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'Rock'N'Roll Inventions' Shows Us How the Beat Goes On
January 16, 2017  | By David Hinckley

Smithsonian’s new Rock ‘N’ Roll Inventions series offers a technology tour that leaves you hungry to hear more of the music that inspired it.

The six-part series, which kicks off at 8 p.m. ET Monday, starts with a quick lesson in the development of recorded sound, from Thomas Edison’s cylinders to the invisible downloads of today.

It doesn’t tell the average fan anything new unless that fan is under 25 and doesn’t realize there was anything before MP3s.

It does, however, remind us about a couple of the most significant breakthroughs, including the transistor radio, cassette tape, and Sony Walkman.

The transistor radio in the 1950s enabled teenage fans of this new rock ‘n’ roll music to untether themselves from the family radio, or even their own private home radio. Now they could carry the radio, and thus their music, wherever they wanted.

The cassette tape made music flexible. Instead of being restricted to what was on the radio, or a vinyl record, you could record whatever you wanted, in whatever order you wanted.

The mixtape is one of the great, underrated phenomena of popular music history. Not only did it become a foundation for hip-hop, it also enabled millions of young folks to write musical love letters and bond with their fellow music fans.

The Walkman advanced the work that the transistor radio had begun, except this time the listening could be truly personal. Where transistors mostly played through speakers, the Walkman was designed for ears, with the same flexibility in what you wanted to hear.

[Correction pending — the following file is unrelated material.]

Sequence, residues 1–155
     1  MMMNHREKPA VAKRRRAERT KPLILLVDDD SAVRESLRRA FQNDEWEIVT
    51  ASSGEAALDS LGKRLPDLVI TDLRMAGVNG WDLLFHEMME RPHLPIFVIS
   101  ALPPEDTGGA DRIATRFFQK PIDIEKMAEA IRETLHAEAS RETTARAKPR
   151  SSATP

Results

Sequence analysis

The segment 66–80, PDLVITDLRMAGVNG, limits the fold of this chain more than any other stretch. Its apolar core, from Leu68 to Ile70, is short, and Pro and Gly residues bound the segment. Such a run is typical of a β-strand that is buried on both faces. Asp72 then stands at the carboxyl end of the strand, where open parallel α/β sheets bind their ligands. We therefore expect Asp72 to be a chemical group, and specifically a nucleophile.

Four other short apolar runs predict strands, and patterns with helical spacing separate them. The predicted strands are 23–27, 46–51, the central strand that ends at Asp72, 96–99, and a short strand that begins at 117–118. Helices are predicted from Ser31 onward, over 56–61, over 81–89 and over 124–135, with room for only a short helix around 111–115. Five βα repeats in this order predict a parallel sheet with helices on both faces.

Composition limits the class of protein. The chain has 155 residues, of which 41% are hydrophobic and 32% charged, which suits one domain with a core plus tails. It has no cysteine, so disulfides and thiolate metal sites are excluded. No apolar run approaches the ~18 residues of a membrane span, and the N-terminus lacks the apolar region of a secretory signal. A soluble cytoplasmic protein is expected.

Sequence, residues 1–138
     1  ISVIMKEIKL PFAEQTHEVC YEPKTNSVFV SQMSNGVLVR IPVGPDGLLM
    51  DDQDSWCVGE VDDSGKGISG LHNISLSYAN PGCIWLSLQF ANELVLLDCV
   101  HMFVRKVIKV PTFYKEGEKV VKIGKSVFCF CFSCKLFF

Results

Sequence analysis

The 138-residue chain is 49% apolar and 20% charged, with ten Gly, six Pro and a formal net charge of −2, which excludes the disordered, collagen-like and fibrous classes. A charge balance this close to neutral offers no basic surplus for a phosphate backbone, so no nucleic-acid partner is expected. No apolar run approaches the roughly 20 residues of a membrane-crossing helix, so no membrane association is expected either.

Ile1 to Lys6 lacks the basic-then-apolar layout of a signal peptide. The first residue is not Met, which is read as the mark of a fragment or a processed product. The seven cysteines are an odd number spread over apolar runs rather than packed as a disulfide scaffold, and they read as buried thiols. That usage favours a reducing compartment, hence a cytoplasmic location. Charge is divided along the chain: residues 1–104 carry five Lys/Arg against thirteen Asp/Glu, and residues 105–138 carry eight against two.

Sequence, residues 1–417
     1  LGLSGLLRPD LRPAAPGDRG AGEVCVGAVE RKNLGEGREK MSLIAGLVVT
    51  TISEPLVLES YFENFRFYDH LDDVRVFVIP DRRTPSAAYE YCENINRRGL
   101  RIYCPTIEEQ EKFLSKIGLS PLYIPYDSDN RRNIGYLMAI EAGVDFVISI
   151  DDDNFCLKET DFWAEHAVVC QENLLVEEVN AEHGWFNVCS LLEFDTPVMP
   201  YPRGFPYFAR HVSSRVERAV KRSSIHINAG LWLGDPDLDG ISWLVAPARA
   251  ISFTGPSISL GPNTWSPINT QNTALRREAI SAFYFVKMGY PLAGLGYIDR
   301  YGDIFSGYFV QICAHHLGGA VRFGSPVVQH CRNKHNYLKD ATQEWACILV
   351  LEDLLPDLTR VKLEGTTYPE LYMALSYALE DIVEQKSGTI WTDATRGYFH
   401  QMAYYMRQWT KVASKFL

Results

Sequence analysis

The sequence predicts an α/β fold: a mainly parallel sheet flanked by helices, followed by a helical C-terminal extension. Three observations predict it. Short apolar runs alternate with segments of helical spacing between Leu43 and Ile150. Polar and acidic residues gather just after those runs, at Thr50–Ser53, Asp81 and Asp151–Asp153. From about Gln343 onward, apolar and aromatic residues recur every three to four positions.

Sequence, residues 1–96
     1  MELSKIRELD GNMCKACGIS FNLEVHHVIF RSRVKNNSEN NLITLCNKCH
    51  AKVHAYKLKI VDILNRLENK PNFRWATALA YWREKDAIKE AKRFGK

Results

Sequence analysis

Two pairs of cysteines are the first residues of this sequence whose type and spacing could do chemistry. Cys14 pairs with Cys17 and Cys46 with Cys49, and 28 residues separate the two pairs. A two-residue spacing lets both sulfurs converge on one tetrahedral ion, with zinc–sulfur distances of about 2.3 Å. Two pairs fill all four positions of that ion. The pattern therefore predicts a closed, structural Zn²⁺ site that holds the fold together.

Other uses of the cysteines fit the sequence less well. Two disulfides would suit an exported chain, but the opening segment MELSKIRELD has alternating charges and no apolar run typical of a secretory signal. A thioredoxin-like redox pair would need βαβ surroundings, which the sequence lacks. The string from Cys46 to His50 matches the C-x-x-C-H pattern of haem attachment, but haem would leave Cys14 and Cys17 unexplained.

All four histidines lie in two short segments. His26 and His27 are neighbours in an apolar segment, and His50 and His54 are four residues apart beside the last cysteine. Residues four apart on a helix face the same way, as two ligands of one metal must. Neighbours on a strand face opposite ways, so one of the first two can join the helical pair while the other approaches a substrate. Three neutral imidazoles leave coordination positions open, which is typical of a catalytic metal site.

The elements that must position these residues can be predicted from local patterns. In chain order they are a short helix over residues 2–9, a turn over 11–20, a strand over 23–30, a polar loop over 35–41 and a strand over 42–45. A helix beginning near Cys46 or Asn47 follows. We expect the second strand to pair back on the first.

It could also be argued that the Walkman helped pave the way for the isolation that marks much of our popular culture today. If everyone is listening to his or her own music, there’s less of the collective experience that lies at the heart of music’s appeal.

That’s a discussion for a separate series, as are several other matters where the impact of technology has sparked debate. For all the advantages of the compact disc and MP3s, like ultra-clean sound, do we lose some of the richness of the music by compressing it? Does vinyl really sound warmer than CDs?

When the first episode traces music technology, it curiously omits the critical changeover in the 1920s from acoustic to electric recording. In its day, that change raised some of the same questions: In getting a crisper sound, was some of the resonance of the music lost?

While Rock ‘N’ Roll Inventions acknowledges the American roots of modern popular music, it has a strong British tilt, interviewing British music journalists, DJs, and musicians.

For that reason, perhaps, much of the seminal 1950s rock ‘n’ roll is seen here from the perspective of British teenagers – as an exotic object from, literally, a foreign land.

There are segments on the British “pirate radio” stations of the 1960s, Radio Caroline and Radio London, and there’s an extended shoutout to Lonnie Donegan, the British skiffle artist whose “Rock Island Line” had an Elvis-like effect on British teenagers while becoming only a minor novelty in America.

The best parts of the show, in many ways, come when musicians, DJs, producers, and writers reminisce about their own experiences with the music, like the first record that mesmerized them or the time their father turned off the radio because a rock ‘n’ roll song was playing.

That’s what it’s really about, of course. The technology provided the vehicle, but Rock ‘N’ Roll Inventions feels most engaging when it talks about what that technology delivered.

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